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Administration Rejects Calls to Reconsider Guantanamo Closure Plan

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In this May file photo, a detainee walks inside the open-air yard at Camp 4 detention facility at Guantanamo Bay U.S. Naval Base, Cuba. (Reuters Photo)

The Obama administration is pushing back against calls to halt or delay closing the Guantanamo Bay prison in light of the failed Christmas Day terror attack, suggesting that shutting down the prison will undermine terrorist recruitment in the very network that claimed responsibility for last week's plot. 

Administration officials also assured lawmakers that they will use the utmost caution in transferring any detainees to other countries, following concerns that it's unsafe to send the dozens of Yemenis held there back to their home country -- which has emerged as a tinderbox of extremist activity. 

Seniors officials told Fox News that nobody in the administration is reconsidering President Obama's plan to close Guantanamo Bay. Though the closure probably will not occur until 2011 due to a series of setbacks, officials said locking down Guantanamo is still in the "national security interest." 

"The detention facility at Guantanamo has been used by Al Qaeda as a rallying cry and recruiting tool -- including its affiliate Al Qaeda in the Arabian Peninsula. As our military leaders have recognized, closing the detention facility at Guantanamo is a national security imperative," one senior official told Fox News. 

Al Qaeda in the Arabian Peninsula has claimed responsibility for the attempted bombing of a Detroit-bound Northwest Airlines flight last week. Sources say suspect Umar Farouk Abdulmutallab spent time in Yemen and may have been groomed for the mission there.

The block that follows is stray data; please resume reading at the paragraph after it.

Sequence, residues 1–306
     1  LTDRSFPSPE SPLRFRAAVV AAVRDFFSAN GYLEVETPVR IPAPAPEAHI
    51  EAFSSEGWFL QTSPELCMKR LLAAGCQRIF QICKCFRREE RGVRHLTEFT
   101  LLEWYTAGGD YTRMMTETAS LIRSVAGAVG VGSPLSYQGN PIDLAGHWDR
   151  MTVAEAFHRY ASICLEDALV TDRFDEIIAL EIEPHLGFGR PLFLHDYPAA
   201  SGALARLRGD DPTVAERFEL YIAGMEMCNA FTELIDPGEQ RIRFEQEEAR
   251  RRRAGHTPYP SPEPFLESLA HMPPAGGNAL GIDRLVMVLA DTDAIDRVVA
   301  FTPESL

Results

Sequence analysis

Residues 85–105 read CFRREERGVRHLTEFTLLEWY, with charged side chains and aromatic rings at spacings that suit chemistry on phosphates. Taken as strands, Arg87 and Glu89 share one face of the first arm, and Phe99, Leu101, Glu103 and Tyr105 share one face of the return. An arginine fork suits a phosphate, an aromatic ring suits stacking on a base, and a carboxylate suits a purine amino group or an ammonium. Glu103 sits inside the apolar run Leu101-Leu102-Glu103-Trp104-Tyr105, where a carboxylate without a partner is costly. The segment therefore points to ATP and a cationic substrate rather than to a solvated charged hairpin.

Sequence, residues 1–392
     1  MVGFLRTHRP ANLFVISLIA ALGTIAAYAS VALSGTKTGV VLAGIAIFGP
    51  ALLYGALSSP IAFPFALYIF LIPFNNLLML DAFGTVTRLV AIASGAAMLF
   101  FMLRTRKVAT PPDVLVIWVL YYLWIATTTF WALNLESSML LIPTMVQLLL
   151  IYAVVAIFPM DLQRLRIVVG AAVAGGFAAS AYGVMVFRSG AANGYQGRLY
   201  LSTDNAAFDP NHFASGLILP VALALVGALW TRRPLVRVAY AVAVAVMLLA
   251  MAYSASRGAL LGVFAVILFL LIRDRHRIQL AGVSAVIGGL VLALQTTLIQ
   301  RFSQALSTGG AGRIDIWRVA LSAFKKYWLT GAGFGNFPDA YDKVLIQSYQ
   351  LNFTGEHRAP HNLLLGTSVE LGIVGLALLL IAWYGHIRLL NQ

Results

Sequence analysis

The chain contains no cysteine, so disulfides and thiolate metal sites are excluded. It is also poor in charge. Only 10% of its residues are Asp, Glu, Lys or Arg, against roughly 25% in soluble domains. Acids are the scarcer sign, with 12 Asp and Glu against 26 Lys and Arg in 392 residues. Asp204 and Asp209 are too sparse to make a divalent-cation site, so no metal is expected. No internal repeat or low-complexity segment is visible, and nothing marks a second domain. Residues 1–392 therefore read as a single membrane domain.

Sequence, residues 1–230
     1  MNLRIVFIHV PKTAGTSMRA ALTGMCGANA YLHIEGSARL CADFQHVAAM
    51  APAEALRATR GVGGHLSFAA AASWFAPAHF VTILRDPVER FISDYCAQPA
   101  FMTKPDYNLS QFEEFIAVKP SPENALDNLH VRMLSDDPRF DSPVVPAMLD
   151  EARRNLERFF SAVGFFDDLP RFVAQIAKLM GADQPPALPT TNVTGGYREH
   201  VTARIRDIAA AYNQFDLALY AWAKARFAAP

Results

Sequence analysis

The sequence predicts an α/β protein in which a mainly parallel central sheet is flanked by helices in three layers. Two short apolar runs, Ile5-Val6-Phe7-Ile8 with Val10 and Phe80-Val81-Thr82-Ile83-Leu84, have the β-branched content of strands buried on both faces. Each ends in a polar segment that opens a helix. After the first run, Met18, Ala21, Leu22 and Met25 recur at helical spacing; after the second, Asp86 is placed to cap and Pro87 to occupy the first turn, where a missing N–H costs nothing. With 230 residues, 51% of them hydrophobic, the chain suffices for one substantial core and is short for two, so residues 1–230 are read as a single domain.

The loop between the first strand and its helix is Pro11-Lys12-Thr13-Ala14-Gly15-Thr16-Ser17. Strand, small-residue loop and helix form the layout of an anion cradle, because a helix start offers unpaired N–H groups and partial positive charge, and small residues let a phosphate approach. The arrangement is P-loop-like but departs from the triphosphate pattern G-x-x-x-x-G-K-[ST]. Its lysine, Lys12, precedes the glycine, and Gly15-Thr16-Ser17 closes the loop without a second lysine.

These developments, combined with Yemen's abysmal record on keeping terror suspects in prison, have led some lawmakers to urge Obama to rethink his Guantanamo plans or at least stop transferring prisoners to Yemen or other Arabian Peninsula countries. 

"Given the security situation in Yemen and the failure of the Yemeni government to secure high-value prisoners in the past, we believe that any such transfers would be highly unwise and ill-considered," Sens. John McCain, R-Ariz.; Joe Lieberman, I-Conn.; and Lindsey Graham, R-S.C., wrote in a letter to the president Tuesday. "The December 25 attack is only the latest in a growing list of terrorist plots that have been traced back to AQAP in Yemen." 

The administration recently ordered six Guantanamo detainees sent back to Yemen. This raises concerns, since Al Qaeda in the Arabian Peninsula is led by two former Guantanamo detainees who reportedly were released to Saudi Arabia from Guantanamo in 2007 and were set free after completing a controversial "rehabilitation program." 

All the suspects convicted of being involved in the 2000 attack on the USS Cole have also either been released by Yemeni authorities or managed to escape in a jailbreak. 

But a senior administration official said Tuesday that it continues to review each prisoner's case with a "fine-tooth comb." 

"Our policy is, as consistent with the law, that we'll make transfers, we'll notify Congress of the transfers, that we'll make transfers consistent with our national security interests. And we believe that each of those that we have done so far enhances our national security," the official said. 

Fox News' Major Garrett contributed to this report.